Ginger Tea Recipe
Ginger itself has a very different and unique flavoring to it which makes it a great ingredient to combine with other herbs and spices. It is a flexible herbal tea that can be consumed either cold or hot. One of my favorite recipes for Ginger tea is listed below. I always recommend experimenting to edit or revise these ingredients to fit your personal taste preferences.
For additional methods for making this tasty herbal tea, check out my Ginger Tea Free Recipes post.
Ginger Mint Tea
Ingredients (2 servings):
- 1 Teaspoon Crushed Ginger Root or 1/2 Tsp Ground Ginger (see options below)
- 1 Teaspoon Loose Spearmint Leaves, Crushed (see my Best Spearmint List)
- 3 Cups of Water
- 1 Teaspoon of Ground Cinnamon (or two 1″ sticks)
- 2 Teaspoons of Honey
- 1 Tablespoon of Sugar (or to taste)
- Pour 3 cups of water into your herbal teapot. Bring to a low boil
- Reduce heat and add 1 teaspoon of your crushed Ginger Root, 1 teaspoon of crushed Spearmint Leaves, 1 Teaspoon of Cinnamon and 1 tablespoon of Sugar to the infuser section of your teapot.
- For around 10 minutes gently stir the liquid section of your teapot and steep on low.
- Turn off the heat and remove the teapot. Let the pot cool for 2-3 minutes.
- Pour the tea into your desired teacup. If you do nit own a herbal teapot with an infuser, you should pour tea through a strainer to remove all of the herbs and plant pieces.
- Add honey and stir (1 Tsp per cup) and sugar for additional sweetening if desired. Enjoy your Ginger Mint Tea!
Note: This recipe also works if you want an iced tea instead. Follow the same instructions through Step #4, but then place the teapot in the fridge to cool for two to three hours. Place ice into desired serving glasses, and follow the remaining instructions on Step #5 and Step #6.
Purchase Quality Ginger Tea
I always recommend consuming loose leaf tea (not tea bags), but some roots can be difficult to find in loose form. Lucky for you, I found some great options for chopped and ground ginger root. I do recognize that some of you do not have time to prepare loose leaf tea so I have also included some of my favorite tea bag versions of the tea. These individuals should try the tea bags that I have listed below. No matter what your preference is, you should be able to find a great option that will cater to your needs perfectly.
Raw Chopped Ginger Root
You can find and purchase raw ginger root, but I prefer the pre-chopped kind. It may be more expensive but it saves you the struggle of having to dice it up.
Loose Blended Ginger Tea
This particular tea is a actually a blend of turmeric and ginger. This is one of my favorite herbal teas because it has such a rich and unique flavor, it’s as if the spices were made for each other! The pricing of this tea is slightly higher than the others but it is because of the high quality blended nature of Rishi. If you are looking for a complex and delicious tea, this Rishi brand is great!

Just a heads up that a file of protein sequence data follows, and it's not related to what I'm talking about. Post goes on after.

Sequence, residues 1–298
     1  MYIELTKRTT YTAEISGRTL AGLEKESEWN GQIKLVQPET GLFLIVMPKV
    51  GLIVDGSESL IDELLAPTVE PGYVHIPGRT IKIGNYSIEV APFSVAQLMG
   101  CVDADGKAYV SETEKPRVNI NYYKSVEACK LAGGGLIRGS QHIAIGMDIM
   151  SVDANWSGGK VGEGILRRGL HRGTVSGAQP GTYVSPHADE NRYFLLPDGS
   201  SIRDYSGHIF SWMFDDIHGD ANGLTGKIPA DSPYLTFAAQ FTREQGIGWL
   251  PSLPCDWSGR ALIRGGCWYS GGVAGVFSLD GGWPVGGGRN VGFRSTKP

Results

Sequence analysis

Ginger Blended Tea Bags
For the ones who do not have the time to brew loose leaf ginger, I have found some brands of ginger tea that sell great products. I love the unique and different flavor that Numi brings to the table with these tea bags. You could say that Numi has this blend in the “bag”. This blend also includes rose and licorice for more of a bold and unique flavoring.
Rarely will you ever see me recommend tea bags on the same level with loose leaf herbal tea but this brand really does a great job.
Ginger Tea is usually considered fairly safe when it is consumed in moderation. This plant provides very little risk for a majority of people. I have listed some of theside efffects of ginger below.
- Pregnancy – Women who may become pregnant or are pregnant should avoid consuming ginger tea or the spice unless it is recommended by a doctor.
- Prescription Interactions – Ginger has the possibility to interact with certain prescription medications in a negative way.
- Diarrhea – Individuals that consume excessive amounts of ginger may suffer from mild diarrhea. Consume in moderate amounts to help avoid this possible side effect.
- Lethargy – Consuming high amounts of ginger can lead to increased relaxation. This may result in sleepiness and lethargy. Once again, consume in reasonable amounts to avoid.
I hope this ginger ultimate guide has helped you learn about the history and characteristics of Ginger Tea. It is another delicious herbal tea that is fairly cheap and easy to brew which makes it trendy and healthy. This is definitely a tea I would recommend to others because it has a fairly mild taste which makes it a good fit for readers that are new to the herbal tea market. If any of your ginger tea questions went unanswered, feel free to send me a message or post it in the Comments section below.
Was this ginger tea ultimate guide helpful? Should we include anything else? Please share your ideas and questions in the Comments section below. Your knowledge helps keep this resource growing and helps the other HTH readers, thanks!